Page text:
GLASGOW’S health carers are warning the public about the dangers of trampolines.
NHS Greater Glasgow and Clyde is urging parents to be aware of the risks involved in allowing their children to play on the equipment.
Last year, more than 200 children were treated for injuries related to trampolines at the Royal Hospital for Sick Children.
Now, NHSGGC has joined forced with the Royal Society for the Prevention of Accidents and B&Q stores to offer parents and children safety guidance when using a trampoline at home.
Dr Neil Wilson, a consultant orthopaedic surgeon at the RHSC, has seen the number of children attending the hospital with trampoline-related injuries rise as the their popularity increases and more families buy them for their kids.
He said: “Trampoline injuries can often be extremely significant.
“We see broken arms, broken legs, strains, bumps and bruises.
Dr Wilson also revealed that, last year, approximately 42 per cent of children injured using play equipment were as a result of trampoline injuries at home.
He continued: “I think it is important that when allowing children to play on a trampoline they follow a few simple rules which will go a long way to preventing injuries.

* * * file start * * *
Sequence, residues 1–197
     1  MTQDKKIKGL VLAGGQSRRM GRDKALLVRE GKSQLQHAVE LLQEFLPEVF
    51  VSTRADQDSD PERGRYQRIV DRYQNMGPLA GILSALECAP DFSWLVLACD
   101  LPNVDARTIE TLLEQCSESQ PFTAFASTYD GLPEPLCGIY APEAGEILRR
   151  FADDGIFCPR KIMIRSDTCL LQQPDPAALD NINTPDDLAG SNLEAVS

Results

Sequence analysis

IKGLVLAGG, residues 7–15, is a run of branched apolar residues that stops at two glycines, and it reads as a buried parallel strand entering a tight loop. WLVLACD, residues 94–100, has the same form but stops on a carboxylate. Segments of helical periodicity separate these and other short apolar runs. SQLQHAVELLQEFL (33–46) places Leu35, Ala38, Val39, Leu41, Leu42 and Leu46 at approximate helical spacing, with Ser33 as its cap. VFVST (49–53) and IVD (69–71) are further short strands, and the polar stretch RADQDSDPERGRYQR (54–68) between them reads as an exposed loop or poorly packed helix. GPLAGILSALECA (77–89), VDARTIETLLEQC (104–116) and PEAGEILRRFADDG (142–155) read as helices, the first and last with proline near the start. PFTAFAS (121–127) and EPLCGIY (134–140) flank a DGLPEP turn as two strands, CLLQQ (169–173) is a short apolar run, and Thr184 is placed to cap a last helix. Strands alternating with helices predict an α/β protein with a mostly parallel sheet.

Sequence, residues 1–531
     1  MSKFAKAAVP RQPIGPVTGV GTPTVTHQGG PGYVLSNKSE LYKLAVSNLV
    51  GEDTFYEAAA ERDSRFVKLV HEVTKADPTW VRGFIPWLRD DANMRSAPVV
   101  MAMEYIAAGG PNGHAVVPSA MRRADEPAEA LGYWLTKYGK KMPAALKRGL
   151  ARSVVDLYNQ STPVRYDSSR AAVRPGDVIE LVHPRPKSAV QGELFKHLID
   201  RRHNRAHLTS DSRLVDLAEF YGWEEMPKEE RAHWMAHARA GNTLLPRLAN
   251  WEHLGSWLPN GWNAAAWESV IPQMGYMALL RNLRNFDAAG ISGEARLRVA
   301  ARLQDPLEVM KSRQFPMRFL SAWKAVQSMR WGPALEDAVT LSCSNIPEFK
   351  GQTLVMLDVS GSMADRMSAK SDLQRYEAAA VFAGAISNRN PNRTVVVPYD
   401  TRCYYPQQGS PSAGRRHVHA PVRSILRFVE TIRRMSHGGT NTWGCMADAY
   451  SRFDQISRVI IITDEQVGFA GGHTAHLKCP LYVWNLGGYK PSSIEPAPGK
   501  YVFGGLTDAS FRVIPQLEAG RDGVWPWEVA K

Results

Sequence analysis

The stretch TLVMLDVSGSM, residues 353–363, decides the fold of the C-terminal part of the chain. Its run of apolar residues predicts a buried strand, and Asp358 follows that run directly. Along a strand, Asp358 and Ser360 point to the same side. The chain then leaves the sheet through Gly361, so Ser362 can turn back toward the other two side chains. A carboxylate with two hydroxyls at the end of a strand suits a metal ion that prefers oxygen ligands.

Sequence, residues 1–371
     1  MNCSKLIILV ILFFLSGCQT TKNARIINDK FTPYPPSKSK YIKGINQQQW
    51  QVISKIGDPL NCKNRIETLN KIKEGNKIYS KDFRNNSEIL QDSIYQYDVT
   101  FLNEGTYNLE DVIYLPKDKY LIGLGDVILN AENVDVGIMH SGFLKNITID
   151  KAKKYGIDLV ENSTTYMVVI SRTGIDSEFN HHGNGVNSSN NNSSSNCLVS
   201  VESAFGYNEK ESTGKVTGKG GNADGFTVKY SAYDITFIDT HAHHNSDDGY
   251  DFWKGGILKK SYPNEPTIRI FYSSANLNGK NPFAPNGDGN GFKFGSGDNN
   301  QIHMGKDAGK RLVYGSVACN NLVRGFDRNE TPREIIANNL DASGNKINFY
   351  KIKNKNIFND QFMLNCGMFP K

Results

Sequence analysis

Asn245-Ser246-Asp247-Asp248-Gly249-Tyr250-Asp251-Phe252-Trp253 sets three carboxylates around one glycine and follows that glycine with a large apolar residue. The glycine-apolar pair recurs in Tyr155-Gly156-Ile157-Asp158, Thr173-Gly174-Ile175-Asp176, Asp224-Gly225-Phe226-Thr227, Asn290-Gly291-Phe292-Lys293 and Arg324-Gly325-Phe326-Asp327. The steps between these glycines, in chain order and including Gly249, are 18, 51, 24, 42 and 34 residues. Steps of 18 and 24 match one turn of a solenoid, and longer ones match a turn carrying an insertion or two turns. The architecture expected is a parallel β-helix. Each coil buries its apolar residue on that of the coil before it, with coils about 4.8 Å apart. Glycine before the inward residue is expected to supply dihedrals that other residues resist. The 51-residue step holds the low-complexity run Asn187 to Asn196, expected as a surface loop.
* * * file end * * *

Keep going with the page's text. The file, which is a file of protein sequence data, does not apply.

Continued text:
“This safety guide covers a range of safety tips and simple rules that, if followed, will allow children hours of safe fun on their trampoline.
“Simple things like ensuring the trampoline is on soft ground and away from any hazards like trees, fences or washing poles – making playing on the trampoline so much safer”.
Now, safety information is being distributed across the NHSGGC region, delivered to schools, pre-five centres, GP surgeries, health centres and hospitals.
B&Q stores throughout the region have also agreed to provide the safety information to any customers buying a trampoline.
These guidelines have been developed with the help of parents and carers giving their own experiences – and in some cases their own children’s injuries.
They include advice on rules for trampoline use, what to consider before purchasing a trampoline. Where to place it and checks to make sure it’s safe.
Lesley Nish of Health Improvement Senior Accident Prevention, said: “Trampolines have been extremely popular over the last few years and more and more children have them in their gardens.
“Unfortunately, we are seeing more and more children being hurt when playing on trampolines.
“Parents asked for the safety information and safety tips to ensure their children can enjoy their trampoline safely.
“With the support of ROSPA and B&Q, we hope to reduce the number of children being injured on trampolines at home”.